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Chris Jones: Keys to Understanding Federal Estate Taxes

Federal and state taxes are important factors to consider when administrating a trust, going through probate court, or in any stage of the estate planning process.

Taxes are so important that even the idea of an estate exists largely for taxation purposes. After all, as the name implies, only the “taxable estate” is subject to taxation after death.

For your estate to survive the probate process intact, you must understand your taxable estate and how to protect it.

Value of the Taxable Estate

If you are a recently appointed successor trustee or executor, or if you have an interest as a beneficiary or other interested party to an estate, then you must become aware that settling the estate may require filing a federal estate tax return.

This filing requirement only applies to estates valued at over a certain amount of money, but that amount (and the total estate tax liability) will also depend on the laws in your particular state. Every state may have its own set of rules, regulations and procedures for settling the taxable estate.

These procedures are likely to be different from the procedures that govern the settling of the probate estate, which deals with the transfer of title to the assets. Though researching all of these rules and procedures is tedious, the parties responsible for the disposition of the estate must ensure everything proceeds in full accordance with the law of the taxing (or probate) jurisdiction.

For instance, if your estate is large enough to owe federal estate taxes, these taxes must be paid before property is transferred to the inheriting parties.

Nuts and Bolts of Paying Taxes on an Estate

For federal and state tax purposes, death triggers two events: it ends the decedent’s (person who died) last tax year for purposes of filing an income tax return, and it establishes a new, separate entity for tax purposes, i.e. the “estate.”

For federal tax purposes, it may be necessary to complete and file a Final Form 1040 federal income tax return, a Form 1041 federal fiduciary income tax return for the estate, Form 709 federal gift tax return(s), and/or Form 706 federal estate tax return. The specific requirement for any of these forms will depend on the decedent’s income, the size of the estate and the income of the estate.

Tax Responsibilities for Executors or Administrators

For state purposes, the “personal representative” (also called the “executor” or “administrator”) must file the appropriate state income tax return (assuming the decedent was required to do so while living) and any state income tax returns for the estate (if generating income) during the probate period.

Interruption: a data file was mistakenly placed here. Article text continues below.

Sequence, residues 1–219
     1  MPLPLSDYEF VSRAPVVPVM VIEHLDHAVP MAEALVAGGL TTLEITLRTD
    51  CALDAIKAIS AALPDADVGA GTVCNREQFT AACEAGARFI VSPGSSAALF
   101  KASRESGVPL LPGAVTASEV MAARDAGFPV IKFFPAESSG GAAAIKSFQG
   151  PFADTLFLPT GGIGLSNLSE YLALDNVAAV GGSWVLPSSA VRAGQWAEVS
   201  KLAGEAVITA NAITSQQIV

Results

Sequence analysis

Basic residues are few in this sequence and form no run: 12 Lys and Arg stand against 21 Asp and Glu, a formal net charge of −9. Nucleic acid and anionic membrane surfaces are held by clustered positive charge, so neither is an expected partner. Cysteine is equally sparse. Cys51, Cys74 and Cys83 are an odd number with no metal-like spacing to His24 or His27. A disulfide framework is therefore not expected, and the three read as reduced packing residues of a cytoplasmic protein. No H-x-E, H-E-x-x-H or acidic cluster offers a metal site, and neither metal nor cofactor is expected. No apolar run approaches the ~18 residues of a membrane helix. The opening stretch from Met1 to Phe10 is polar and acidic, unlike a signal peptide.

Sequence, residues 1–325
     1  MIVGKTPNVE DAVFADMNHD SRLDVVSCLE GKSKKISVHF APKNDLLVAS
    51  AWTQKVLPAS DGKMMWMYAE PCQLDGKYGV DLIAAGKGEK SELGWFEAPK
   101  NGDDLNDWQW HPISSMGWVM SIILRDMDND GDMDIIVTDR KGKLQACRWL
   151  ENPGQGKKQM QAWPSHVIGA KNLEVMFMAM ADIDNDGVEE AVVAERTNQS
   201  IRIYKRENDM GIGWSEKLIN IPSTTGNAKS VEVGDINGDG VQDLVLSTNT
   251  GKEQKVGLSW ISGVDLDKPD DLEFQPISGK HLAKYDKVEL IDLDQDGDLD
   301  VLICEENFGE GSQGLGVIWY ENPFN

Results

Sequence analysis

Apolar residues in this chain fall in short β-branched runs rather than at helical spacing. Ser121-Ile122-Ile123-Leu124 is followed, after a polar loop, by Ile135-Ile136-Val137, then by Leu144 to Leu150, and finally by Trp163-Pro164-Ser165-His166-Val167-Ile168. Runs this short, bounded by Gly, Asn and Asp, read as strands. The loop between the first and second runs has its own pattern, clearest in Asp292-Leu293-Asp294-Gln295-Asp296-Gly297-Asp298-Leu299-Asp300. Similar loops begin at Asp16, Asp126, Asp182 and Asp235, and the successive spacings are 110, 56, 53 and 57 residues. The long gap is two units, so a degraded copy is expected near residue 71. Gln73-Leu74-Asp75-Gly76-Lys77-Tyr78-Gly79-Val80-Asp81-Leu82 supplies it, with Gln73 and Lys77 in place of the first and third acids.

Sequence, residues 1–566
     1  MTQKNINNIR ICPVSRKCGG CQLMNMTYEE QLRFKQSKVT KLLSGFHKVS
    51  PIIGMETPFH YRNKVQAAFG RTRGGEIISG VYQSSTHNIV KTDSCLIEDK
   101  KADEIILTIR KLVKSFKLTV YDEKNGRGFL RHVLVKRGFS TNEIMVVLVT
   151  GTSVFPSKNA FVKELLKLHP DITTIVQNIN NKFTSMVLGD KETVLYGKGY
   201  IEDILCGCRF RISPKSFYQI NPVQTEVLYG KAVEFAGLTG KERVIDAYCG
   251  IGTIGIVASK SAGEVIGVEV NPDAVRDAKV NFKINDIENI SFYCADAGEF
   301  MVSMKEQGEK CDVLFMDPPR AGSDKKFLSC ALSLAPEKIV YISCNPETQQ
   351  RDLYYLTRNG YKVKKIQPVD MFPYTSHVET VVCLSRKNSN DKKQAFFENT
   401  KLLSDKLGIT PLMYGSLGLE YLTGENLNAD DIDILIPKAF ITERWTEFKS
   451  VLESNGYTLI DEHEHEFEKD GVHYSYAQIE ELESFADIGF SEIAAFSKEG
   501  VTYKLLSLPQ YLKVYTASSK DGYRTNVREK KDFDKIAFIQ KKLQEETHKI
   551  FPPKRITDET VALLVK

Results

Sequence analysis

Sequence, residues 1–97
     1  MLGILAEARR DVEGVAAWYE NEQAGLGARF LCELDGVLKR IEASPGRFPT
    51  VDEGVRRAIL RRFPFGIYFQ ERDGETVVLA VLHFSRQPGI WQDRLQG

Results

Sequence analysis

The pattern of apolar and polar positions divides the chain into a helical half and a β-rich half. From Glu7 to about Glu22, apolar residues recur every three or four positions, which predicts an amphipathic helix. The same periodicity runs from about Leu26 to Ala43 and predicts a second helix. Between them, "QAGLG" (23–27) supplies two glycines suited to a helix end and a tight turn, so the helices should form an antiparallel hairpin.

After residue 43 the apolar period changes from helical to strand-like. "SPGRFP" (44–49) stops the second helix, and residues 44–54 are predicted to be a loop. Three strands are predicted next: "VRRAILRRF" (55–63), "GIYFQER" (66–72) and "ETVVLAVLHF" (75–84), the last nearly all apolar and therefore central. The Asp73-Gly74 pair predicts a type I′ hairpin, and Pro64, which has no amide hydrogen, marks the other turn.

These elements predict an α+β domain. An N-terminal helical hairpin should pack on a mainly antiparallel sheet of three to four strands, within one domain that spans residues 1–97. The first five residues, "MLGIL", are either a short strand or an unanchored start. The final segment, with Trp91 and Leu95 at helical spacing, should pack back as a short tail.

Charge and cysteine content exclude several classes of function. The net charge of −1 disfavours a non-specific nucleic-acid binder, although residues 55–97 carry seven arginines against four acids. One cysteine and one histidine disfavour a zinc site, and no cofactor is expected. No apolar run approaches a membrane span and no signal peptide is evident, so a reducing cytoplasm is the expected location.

The personal representative must also file all estate tax, inheritance tax (if any) and gift tax returns required by the state where the decedent lived. Note that in many states, gift, estate and inheritance taxes have been eliminated for most small- and medium-sized estates. The requirements for filing tax returns and paying taxes vary widely from state to state.

The personal representative needs to pay attention to other taxes in the probate process as well, such as local real estate and personal property taxes, business taxes and any special state taxes.

The personal representative should also be alert to the possibility that there may be unresolved tax issues for the tax years prior to the decedent’s death.

Getting Help

Being aware of these and other rules is critical to ensuring that the greatest amount of assets follow the will of the decedent, rather than the will of the IRS.

This is also part of why so many choose to hire estate planning lawyers to help guide them through the process. Even relatively small estates that don’t owe estate taxes or don’t have to go through probate can benefit from consulting with knowledgeable, licensed estate planning attorneys for the most important legal decisions.

Chris Jones is an attorney at Rogers, Sheffield & Campbell LLP, a Santa Barbara law firm. Click here to read previous columns. The opinions expressed are his own. This article is not intended to provide legal advice. For legal advice on any of the information in this post, click here for the form or phone number on the Rogers, Sheffield & Campbell Contact Us page.

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